>> AARON BUTLER: Yes.  Yes, indeed.  One of the things that ‑‑ one of the things to also keep in mind, and this is actually a question, and this will further ‑‑ hopefully this will further Mr. Ochola's point.  So we have existing bodies, right?  Like the GDPR, officers who are at various companies whose job is to basically enforce those standards.  And various other existing agencies.  What benefit would, then, the global agency or institution that Professor Dr. Kirchschlaeger is recommending would add to that?  Would that help to shore up existing agencies?  Would it replace them?  This is something that needs to be considered very carefully.  And as part of the inquiry as to the details of the enforcement mechanisms?  In order to ensure this?  I mean, one benefit, for example, that such a global agency could have is that it could help coordinate the efforts at regional levels, right?  But is it necessary, or is it superfluous?  These are some things that need to be considered.  I just want to check the chat for a moment.  I think someone has a question.  Before we move on to this question, I just want to give Mr. Ochola ‑‑ I hope I'm pronouncing your name correctly.  And my apologies if I'm not. 

>> Yes, yes, yes. 

>> AARON BUTLER: I wanted to give you a chance also to respond.

>> Yeah.  I think it’s a very interesting dialogue.  I would say I think also just having more voices also in this conversation, also the dialogue I think that needs to continue.  So I think when enforcing the human rights, that all of our voices are included as part of it.  And also involving also, I think, to have -- my thinking is that probably even more government needs to be brought on board in some of this enforceability.  But it doesn't mean only a private sector-driven initiative.  Some of the policies also can have also have some impact because I'm talking now from an African perspective and also a client perspective.  I think we have implemented data, but it's a young decision that I think was launched last year, so it’s still a young one in the Data Protection Agency just to ensure this data protection.  But I think also those issues of strengthening this institution, knowing areas where the data protection needs to come.  It needs to be enforced. 

          I know it's GDPR, but I don't think ‑‑ I think also the level of ‑‑ the level of ‑‑ let me say of its applicability and also enforceability in Africa specifically, I don’t think it’s that much higher.  So even if they’re GDPR officers, they may not be able to.  I think we’re also looking at the inclusive way because – I’ll go to my issue.  My issue is I don’t understand borders, and it’s not something you are locking like in the U.S. or maybe Europe alone.  It can even be enforced anywhere.  Issues about bias, issues also about just bringing more voices on board.  That is probably what I would actually really say at this time.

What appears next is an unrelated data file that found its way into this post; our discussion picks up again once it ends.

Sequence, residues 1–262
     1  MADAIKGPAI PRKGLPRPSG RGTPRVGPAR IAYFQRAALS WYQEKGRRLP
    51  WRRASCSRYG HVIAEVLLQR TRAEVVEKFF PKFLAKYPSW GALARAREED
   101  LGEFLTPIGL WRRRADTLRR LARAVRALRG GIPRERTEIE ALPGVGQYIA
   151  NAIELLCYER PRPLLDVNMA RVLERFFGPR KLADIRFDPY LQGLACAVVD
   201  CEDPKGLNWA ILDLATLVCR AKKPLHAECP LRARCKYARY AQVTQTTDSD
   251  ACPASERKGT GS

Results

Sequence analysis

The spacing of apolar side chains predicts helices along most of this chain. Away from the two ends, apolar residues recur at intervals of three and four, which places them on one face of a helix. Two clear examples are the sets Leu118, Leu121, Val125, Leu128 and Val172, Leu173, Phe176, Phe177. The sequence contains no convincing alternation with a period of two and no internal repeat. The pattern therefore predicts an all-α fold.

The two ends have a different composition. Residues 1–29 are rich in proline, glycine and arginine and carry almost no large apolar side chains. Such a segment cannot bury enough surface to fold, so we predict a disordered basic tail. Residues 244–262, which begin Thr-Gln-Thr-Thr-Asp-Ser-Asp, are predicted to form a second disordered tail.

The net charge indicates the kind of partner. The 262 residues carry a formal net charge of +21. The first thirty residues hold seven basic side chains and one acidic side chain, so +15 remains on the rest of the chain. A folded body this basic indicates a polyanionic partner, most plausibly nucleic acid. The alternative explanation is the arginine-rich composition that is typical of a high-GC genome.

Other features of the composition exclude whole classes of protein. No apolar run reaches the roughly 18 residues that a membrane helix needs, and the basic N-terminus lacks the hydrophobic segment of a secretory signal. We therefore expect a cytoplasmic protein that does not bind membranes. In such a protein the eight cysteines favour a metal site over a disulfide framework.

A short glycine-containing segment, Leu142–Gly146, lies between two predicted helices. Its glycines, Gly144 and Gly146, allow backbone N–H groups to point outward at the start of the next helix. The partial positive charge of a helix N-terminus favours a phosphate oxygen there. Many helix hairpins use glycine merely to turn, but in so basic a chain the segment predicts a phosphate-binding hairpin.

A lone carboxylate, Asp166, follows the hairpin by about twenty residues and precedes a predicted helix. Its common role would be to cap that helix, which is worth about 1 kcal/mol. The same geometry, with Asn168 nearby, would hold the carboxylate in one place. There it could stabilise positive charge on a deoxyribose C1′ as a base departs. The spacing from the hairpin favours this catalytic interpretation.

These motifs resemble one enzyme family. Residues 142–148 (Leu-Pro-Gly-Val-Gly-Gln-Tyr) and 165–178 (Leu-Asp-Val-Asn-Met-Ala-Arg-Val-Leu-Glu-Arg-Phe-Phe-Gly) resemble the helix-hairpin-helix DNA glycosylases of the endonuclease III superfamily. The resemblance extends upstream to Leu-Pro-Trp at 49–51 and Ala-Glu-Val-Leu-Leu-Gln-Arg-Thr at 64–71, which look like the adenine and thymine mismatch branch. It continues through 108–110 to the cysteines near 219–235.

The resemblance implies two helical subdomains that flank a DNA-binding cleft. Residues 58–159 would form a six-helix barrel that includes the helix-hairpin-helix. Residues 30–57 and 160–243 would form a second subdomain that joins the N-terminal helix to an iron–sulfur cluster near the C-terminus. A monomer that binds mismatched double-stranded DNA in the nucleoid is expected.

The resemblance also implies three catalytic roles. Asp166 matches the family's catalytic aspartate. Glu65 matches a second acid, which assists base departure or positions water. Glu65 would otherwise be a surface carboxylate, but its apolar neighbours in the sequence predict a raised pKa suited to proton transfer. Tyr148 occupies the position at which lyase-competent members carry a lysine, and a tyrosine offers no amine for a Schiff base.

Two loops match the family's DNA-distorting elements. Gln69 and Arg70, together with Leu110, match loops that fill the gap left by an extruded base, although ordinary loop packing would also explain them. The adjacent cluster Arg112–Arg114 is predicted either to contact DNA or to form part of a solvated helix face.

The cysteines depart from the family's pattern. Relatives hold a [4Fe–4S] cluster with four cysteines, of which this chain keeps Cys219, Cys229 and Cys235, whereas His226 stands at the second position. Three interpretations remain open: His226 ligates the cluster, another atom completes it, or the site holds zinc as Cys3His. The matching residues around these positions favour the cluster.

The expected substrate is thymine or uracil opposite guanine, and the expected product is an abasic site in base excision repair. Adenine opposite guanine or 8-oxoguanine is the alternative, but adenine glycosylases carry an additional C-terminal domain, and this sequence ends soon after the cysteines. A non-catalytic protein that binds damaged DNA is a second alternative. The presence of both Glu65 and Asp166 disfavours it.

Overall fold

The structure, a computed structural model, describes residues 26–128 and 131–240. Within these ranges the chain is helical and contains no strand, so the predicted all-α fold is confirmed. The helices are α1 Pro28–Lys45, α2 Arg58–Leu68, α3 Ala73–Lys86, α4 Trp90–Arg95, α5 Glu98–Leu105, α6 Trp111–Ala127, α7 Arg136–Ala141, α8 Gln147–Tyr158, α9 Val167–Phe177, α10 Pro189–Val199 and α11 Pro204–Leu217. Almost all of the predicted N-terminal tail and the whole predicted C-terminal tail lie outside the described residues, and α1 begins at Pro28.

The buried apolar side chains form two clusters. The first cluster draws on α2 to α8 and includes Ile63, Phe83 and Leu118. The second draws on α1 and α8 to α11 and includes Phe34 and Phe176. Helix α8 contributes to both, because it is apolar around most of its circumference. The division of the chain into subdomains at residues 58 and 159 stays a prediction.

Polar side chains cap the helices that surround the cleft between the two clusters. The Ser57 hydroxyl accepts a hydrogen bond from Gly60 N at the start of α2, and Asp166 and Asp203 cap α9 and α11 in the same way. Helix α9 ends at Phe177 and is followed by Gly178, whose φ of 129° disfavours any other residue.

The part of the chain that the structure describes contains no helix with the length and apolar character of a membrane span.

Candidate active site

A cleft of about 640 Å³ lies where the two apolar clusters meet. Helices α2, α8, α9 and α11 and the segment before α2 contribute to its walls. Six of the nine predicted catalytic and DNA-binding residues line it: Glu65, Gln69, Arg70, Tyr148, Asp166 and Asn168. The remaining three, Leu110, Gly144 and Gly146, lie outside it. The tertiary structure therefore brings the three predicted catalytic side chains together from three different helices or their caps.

>> AARON BUTLER: Would you say also that it's a problem of the ubiquity of the different mechanisms, right?  An enforcement mechanism needs to be fully embedded at multiple levels and have a sense of ubiquity for it to really have the teeth it needs in order to function as an enforcement mechanism. 

>> Yes.  Yes.  Even from a policy perspective, I think the African Union, this year, I think it's when they began forming that AI task force on maybe AI and assessing the harms and of this AI system.  So the discussion is still pretty at the infancy level, especially in the African perspective.  But people are trying to at least have awareness, I think.  One thing I like about the forum at least is it exposes these things into the open so that policymakers can actually really know exactly what to implement.  So I think the discussion is okay.  I mean, because at least it’s exposing where really people really need to actually point towards it also gives people direction where we really need to focus on more voices.  Yes. 

>> AARON BUTLER: Thank you. 

>> Yes. 

>> AARON BUTLER: Thank you.  I want to allow the person who ‑‑ Marta Grabowska.  I'll go ahead and read the question aloud.  This is in the chat.  What relationship between this institute and the ETSI be?